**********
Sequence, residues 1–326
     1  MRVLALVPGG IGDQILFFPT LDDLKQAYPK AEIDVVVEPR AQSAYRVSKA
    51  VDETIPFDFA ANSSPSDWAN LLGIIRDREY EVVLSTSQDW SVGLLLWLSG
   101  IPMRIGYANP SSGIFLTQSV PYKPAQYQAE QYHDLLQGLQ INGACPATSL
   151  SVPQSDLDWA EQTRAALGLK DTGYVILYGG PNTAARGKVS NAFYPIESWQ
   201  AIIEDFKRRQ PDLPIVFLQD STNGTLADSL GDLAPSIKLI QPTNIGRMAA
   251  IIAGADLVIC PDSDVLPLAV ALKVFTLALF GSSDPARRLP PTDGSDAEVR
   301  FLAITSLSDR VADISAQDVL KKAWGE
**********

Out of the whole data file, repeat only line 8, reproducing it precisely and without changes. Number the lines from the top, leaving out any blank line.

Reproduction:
   301  FLAITSLSDR VADISAQDVL KKAWGE